Equations (Ch4.E27)–(Ch4.E29) are known as the SIR model in epidemiology. The model can easily be extended to incorporate vaccination programs, immunity loss after some time, etc. Typical diseases that can be simulated by the SIR model and its variants are measles, smallpox, flu, plague, and HIV.

## 4.8 Predator-Prey Models in Ecology

A model for the interaction of predator and prey species can be based on reasoning from population dynamics and the SIR model. Let $$H(t)$$ be the number of preys in a region, and let $$L(t)$$ be the number of predators. For example, H may be hares and L lynx, or rabbits and foxes.

The population of the prey evolves due to births and deaths, exactly as in a population dynamics model from Sect. 4.2.1. During a time interval $$\Delta t$$ the increase in the population is therefore

$$H(t+\Delta t)-H(t)=a\Delta tH(t),$$

where a is a parameter to be measured from data. The increase is proportional to H, and the proportionality constant $$a\Delta t$$ is proportional to $$\Delta t$$, because doubling the interval will double the increase.

However, the prey population has an additional loss because they are eaten by predators. All the prey and predator animals can form LH pairs in total (assuming all individuals meet randomly). A small fraction $$b\Delta t$$ of such meetings, during a time interval $$\Delta t$$, ends up with the predator eating the prey. The increase in the prey population is therefore adjusted to

$$H(t+\Delta t)-H(t)=a\Delta tH(t)-b\Delta tH(t)L(t)\thinspace.$$

The predator population increases as a result of eating preys. The amount of eaten preys is $$b\Delta tLH$$, but only a fraction $$d\Delta tLH$$ of this amount contributes to increasing the predator population. In addition, predators die and this loss is set to $$c\Delta tL$$. To summarize, the increase in the predator population is given by

$$L(t+\Delta t)-L(t)=d\Delta tL(t)H(t)-c\Delta tL(t)\thinspace.$$

Dividing by $$\Delta t$$ in the equations for H and L and letting $$t\rightarrow 0$$ results in

\begin{aligned}\displaystyle\lim_{\Delta t\rightarrow 0}\frac{H(t+\Delta t)-H(t)}{\Delta t}=H^{\prime}(t)&\displaystyle=aH(t)-bL(t)H(t),\\ \displaystyle\lim_{\Delta t\rightarrow 0}\frac{L(t+\Delta t)-L(t)}{\Delta t}=L^{\prime}(t)&\displaystyle=dL(t)H(t)-cL(t)\thinspace.\end{aligned}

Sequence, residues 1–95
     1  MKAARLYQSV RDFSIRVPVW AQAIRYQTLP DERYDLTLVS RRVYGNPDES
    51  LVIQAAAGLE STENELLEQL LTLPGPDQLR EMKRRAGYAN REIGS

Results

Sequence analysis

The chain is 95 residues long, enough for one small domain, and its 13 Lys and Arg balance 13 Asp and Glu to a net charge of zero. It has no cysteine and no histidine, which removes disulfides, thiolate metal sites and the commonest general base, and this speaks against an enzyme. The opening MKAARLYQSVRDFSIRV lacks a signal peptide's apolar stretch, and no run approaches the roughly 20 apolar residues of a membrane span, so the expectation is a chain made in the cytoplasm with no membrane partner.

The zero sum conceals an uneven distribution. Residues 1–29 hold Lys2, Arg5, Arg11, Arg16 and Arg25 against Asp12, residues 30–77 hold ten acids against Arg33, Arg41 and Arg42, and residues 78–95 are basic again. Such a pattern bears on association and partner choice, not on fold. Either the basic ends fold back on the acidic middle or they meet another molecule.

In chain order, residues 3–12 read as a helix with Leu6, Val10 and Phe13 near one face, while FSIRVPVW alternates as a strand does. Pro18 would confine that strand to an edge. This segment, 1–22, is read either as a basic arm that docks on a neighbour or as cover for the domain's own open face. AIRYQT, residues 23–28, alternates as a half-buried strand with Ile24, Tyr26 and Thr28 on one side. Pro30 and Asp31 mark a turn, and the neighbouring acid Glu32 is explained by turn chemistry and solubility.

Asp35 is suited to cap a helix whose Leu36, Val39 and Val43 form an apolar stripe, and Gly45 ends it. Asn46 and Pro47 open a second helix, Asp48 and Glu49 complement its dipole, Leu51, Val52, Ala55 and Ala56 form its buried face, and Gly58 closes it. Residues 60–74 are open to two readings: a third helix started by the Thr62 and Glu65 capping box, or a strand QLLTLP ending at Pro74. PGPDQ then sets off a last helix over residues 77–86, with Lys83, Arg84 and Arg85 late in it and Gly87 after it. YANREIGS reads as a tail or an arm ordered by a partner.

We can simplify the notation to the following two ODEs:

$$H^{\prime} =H(a-bL),$$
(4.30)
$$L^{\prime} =L(dH-c)\thinspace.$$
(4.31)

This is a so-called Lokta-Volterra model. It contains four parameters that must be estimated from data: a, b, c, and d. In addition, two initial conditions are needed for $$H(0)$$ and $$L(0)$$.

## 4.9 Decay of Atmospheric Pressure with Altitude

### 4.9.1 The General Model

Vertical equilibrium of air in the atmosphere is governed by the equation

$$\frac{dp}{dz}=-\varrho g\thinspace.$$
(4.32)

Here, $$p(z)$$ is the air pressure, $$\varrho$$ is the density of air, and $$g=9.807\,\mathrm{m/s}^{2}$$ is a standard value of the acceleration of gravity. (Equation (Ch4.E32) follows directly from the general Navier-Stokes equations for fluid motion, with the assumption that the air does not move.)

The pressure is related to density and temperature through the ideal gas law

$$\varrho=\frac{Mp}{R^{*}T},$$
(4.33)

where M is the molar mass of the Earth’s air (0.029 kg$$/$$mol), $$R^{*}$$ is the universal gas constant (8.314 Nm/(mol K)), and T is the temperature in Kelvin. All variables p, $$\varrho$$, and T vary with the height z. Inserting (Ch4.E33) in (Ch4.E32) results in an ODE with a variable coefficient:

$$\frac{dp}{dz}=-\frac{Mg}{R^{*}T(z)}p\thinspace.$$
(4.34)

### 4.9.2 Multiple Atmospheric Layers

The atmosphere can be approximately modeled by seven layers. In each layer, (Ch4.E34) is applied with a linear temperature of the form

$$T(z)=\bar{T}_{i}+L_{i}(z-h_{i}),$$

where $$z=h_{i}$$ denotes the bottom of layer number i, having temperature $$\bar{T}_{i}$$, and Li is a constant in layer number i. The table below lists hi (m), $$\bar{T}_{i}$$ (K), and Li (K/m) for the layers $$i=0,\ldots,6$$.

For implementation it might be convenient to write (Ch4.E34) on the form

$$\frac{dp}{dz}=-\frac{Mg}{R^{*}(\bar{T}(z)+L(z)(z-h(z)))}p,$$
(4.35)

where $$\bar{T}(z)$$, $$L(z)$$, and $$h(z)$$ are piecewise constant functions with values given in the table. The value of the pressure at the sea level z = 0, $$p_{0}=p(0)$$, is 101,325 Pa.

### Constant layer temperature

One common simplification is to assume that the temperature is constant within each layer. This means that L = 0.

### One-layer model

Another commonly used approximation is to work with one layer instead of seven. This one-layer model is based on $$T(z)=T_{0}-Lz$$, with sea level standard temperature $$T_{0}=288$$ K and temperature lapse rate L = 0.0065 K$$/$$m.

## 4.10 Compaction of Sediments

Sediments, originally made from materials like sand and mud, get compacted through geological time by the weight of new material that is deposited on the sea bottom. The porosity ϕ of the sediments tells how much void (fluid) space there is between the sand and mud grains. The porosity drops with depth, due to the weight of the sediments above. This makes the void space shrink, and thereby compaction increases.

A typical assumption is that the change in ϕ at some depth z is negatively proportional to ϕ. This assumption leads to the differential equation problem

$$\frac{d\phi}{dz}=-c\phi,\quad\phi(0)=\phi_{0},$$
(4.36)